strategies.
Elements of Game:
Elements of Game
Example in wireless network
Set of players
Nodes in the wireless network,
agents, servers
Strategies
modulation scheme,
Coding rate,
transmit power level,
forwarding packet or not.
Payoffs
Performance metrics (e.g. Throughput, Delay, SINR)
Slide10Game Theory
Three specially useful games in network designMatching gamesResource allocation
Task scheduling
Stackelberg
games
Optimization of agent’s performance
Coalition games
Modeling the cooperation among the agents
Slide11Part II: Matching Games
Slide12Introduction
ExamplesMatching channels and agents
Matching
resources
and
users
Matching
tasks
and groups of cooperating agentsExisting Theories:Matching Theory Contract Theory
12
Slide13Matching Theory
The Nobel Prize in Economics: 2012Lloyd Shapley and Alvin Roth
13
Lloyd
Shapley
Developed
the theory in the 1960s
Alvin
Roth
Generated
further analytical
developments
Slide14Matching Theory
Definition a mathematical framework attempting to describe the formation of mutually beneficial relationships over time
.
A matching
is a function
of
to itself such that
and
: I)
if and only if
; II)
and
.
Assumptions:
Players are rational and selfish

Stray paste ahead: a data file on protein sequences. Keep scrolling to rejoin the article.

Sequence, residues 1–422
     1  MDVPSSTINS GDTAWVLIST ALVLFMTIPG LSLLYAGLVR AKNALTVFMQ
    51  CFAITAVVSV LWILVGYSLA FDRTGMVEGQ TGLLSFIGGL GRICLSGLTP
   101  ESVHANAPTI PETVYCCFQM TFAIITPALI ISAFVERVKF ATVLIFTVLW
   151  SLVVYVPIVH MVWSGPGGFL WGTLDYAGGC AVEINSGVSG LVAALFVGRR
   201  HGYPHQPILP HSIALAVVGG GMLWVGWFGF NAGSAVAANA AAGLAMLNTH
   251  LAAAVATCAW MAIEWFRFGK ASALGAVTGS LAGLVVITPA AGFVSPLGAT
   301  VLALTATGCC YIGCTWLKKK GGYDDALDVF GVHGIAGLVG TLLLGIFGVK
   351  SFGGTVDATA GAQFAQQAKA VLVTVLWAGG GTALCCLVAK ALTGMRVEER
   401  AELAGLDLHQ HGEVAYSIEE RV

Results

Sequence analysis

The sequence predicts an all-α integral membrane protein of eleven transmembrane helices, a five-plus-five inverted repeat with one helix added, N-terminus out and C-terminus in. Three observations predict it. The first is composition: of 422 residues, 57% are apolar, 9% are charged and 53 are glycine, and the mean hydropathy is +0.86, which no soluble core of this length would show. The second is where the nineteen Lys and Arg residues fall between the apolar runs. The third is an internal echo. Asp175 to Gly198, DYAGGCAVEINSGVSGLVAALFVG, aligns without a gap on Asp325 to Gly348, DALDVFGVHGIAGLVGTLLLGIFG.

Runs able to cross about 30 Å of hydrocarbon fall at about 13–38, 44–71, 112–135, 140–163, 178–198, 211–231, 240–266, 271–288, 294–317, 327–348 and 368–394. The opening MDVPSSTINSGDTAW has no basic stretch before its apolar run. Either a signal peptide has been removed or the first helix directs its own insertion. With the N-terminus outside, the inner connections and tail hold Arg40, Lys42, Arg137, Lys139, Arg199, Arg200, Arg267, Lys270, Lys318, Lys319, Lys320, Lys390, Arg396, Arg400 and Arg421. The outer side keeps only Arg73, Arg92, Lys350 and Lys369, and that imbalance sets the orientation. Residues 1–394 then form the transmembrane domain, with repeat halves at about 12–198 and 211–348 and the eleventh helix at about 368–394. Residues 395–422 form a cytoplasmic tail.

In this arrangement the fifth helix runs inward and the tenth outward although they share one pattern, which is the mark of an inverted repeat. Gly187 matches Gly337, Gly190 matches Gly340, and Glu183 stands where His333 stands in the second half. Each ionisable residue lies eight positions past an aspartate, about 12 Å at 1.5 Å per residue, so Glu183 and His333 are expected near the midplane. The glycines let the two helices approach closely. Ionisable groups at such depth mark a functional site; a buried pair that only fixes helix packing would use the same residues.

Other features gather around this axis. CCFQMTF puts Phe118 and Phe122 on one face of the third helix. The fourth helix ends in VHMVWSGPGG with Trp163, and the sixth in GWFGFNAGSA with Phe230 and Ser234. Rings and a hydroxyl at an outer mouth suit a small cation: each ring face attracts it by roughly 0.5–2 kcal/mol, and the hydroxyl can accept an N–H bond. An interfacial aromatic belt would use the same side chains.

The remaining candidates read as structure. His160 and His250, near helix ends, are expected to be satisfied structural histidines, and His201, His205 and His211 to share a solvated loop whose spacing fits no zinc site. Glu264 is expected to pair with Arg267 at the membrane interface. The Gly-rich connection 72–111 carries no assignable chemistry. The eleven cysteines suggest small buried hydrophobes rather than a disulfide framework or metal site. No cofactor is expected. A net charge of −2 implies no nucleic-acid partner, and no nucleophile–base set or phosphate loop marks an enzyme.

The preference function is transitive.
14
Slide15Matching
Problem with Complete Preference List
Three
types of matching problems
Onetoone
(stable marriage
)
Assigning channels to agents
Onetomany (college admissions)Assigning servers to agentsManytomany (complex scenarios)
Slide16Solution Concepts
We seek to find a
stable matching
such that
There does not exist any pair of players,
i
and
j
matches, respectively to players,
a
and
b
but..
j
prefers
a
to
b
and
a
prefers
j
to
i
How
can we find a stable matching?
many approaches(minimizing sum/ max of ranks, minimizing diff of total ranks, Gale and Shapley algorithm)
Most popular:
Deferred acceptance or GS algorithm
Illustrated via an example
Slide17Example 1: Matching partners
Adam
Bob
Carl
David
Fran
Geeta
Irina
Heiki
women and men be matched
respecting their individual preferences
Slide18Example 1: Matching partners
The GaleShapley algorithm can be set up in two alternative ways:men propose to
women
women
propose to
men
Each man
proposing to